Oyster mushrooms come in many species and forms, but by far the most popularly marketed are Pleurotus ostreatus and Pleurotus pulmonarius. In Asia, Pleurotus nebrodensis and P. eryngii are gaining market share since these thick-fleshed and short-gilled mushrooms have a shelf life that exceeds most species by several weeks. Oyster mushrooms are rich in protein (up to 30 percent by dry weight), plentiful in B vitamins, have no cholesterol, and have significant levels of the cholesterol-lowering molecule lovastatin -- up to 2.8 percent by dry weight (Stamets, 2005; Alarcon, 2003). Because of their native lovastatin content, oyster mushrooms have been studied for their benefits in helping modulate blood cholesterol levels.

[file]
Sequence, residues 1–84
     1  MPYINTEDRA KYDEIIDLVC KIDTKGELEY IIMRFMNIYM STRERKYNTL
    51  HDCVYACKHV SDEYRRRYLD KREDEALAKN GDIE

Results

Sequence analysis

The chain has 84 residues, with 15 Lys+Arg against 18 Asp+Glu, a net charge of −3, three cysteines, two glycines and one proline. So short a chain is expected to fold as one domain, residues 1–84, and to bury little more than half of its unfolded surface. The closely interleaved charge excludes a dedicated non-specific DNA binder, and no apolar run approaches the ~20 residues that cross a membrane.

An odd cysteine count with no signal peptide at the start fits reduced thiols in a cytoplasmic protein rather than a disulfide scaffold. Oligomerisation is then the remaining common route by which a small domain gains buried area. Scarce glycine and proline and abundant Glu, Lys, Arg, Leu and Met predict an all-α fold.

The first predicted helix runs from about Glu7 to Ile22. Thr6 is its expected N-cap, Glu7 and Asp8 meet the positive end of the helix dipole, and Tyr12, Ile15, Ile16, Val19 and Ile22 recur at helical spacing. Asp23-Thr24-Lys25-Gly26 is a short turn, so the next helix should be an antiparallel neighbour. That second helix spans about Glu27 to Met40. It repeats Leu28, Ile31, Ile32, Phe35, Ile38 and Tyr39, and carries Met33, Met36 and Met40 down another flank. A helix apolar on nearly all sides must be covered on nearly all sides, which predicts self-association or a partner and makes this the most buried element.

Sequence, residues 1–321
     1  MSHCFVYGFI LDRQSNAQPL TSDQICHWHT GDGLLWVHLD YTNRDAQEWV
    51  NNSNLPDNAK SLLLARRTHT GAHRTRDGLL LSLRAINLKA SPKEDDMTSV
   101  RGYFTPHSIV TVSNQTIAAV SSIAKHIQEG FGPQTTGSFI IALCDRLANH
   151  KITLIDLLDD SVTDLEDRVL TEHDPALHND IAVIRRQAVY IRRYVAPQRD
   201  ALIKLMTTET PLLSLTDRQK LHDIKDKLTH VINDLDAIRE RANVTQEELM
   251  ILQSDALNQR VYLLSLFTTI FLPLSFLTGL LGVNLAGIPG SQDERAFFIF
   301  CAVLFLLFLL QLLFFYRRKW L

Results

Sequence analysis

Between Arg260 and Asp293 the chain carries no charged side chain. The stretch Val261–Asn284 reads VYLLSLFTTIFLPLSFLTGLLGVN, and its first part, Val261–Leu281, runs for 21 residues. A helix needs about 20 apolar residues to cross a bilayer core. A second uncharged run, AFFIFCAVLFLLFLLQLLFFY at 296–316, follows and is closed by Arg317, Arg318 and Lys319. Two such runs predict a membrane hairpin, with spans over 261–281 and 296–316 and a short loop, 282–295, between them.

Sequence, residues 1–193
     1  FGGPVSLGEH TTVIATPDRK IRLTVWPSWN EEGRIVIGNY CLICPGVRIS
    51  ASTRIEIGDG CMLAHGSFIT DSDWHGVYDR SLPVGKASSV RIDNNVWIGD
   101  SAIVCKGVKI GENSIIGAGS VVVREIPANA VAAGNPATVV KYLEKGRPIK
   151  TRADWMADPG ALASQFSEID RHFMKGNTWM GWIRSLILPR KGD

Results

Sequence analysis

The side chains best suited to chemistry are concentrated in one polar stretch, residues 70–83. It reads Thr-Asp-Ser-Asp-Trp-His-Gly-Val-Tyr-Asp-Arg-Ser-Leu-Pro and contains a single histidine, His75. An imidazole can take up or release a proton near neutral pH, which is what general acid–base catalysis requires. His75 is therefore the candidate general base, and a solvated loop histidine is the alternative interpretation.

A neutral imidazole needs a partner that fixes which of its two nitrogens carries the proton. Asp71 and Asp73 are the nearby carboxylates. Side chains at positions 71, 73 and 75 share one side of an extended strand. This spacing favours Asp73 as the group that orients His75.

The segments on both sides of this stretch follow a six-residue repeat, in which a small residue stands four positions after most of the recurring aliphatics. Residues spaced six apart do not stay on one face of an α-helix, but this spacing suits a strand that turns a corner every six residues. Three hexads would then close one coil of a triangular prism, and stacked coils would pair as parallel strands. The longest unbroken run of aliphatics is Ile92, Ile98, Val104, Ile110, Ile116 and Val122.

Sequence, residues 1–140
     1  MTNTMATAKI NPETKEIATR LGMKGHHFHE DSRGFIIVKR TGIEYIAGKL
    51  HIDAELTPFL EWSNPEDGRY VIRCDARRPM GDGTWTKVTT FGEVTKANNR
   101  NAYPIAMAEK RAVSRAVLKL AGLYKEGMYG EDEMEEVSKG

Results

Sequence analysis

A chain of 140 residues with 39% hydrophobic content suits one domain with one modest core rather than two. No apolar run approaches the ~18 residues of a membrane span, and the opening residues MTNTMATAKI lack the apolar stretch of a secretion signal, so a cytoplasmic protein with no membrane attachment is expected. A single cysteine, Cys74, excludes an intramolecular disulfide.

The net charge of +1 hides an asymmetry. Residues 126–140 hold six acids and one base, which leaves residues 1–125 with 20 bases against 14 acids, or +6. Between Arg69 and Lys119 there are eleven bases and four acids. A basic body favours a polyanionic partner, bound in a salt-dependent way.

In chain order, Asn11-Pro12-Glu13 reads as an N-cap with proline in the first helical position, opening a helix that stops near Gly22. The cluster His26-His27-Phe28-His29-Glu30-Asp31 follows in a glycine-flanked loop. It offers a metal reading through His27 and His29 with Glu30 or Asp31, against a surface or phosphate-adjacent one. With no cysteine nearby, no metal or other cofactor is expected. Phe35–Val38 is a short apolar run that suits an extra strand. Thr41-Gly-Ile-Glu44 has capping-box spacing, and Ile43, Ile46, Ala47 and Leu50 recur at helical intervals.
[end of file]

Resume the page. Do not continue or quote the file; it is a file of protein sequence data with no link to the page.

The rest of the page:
Encouraged by preliminary evidence of cholesterol modulation by Dr. Nina Gunde-Cimmeran (1993, 1995, 1999), the National Institutes of Health, through their National Center for Complementary and Alternative Medicine (NCCAM), funded a 2004 study of the effect of oyster mushrooms on anti-retroviral-induced hyperlipidemia in HIV patients. Supervised by Dr. Donald Abrams of the University of California San Francisco General Hospital, the study showed potential benefit from ingesting a tea made from wood grown, freeze dried oyster mushrooms. Although the study did not achieve statistical significance -- in part since all the patients did not complete the specified regimen -- the trends suggested benefit in reducing triglycerides and LDL cholesterol. Some of the patients complained that the simple hot water soup did not taste good and stopped consuming it. Interestingly, in a subsequent analysis of our wood-grown mushrooms -- which were used in this clinical study -- vs. straw grown, the straw grown oyster mushrooms had about 5 percent more sugar, which could have affected palatability.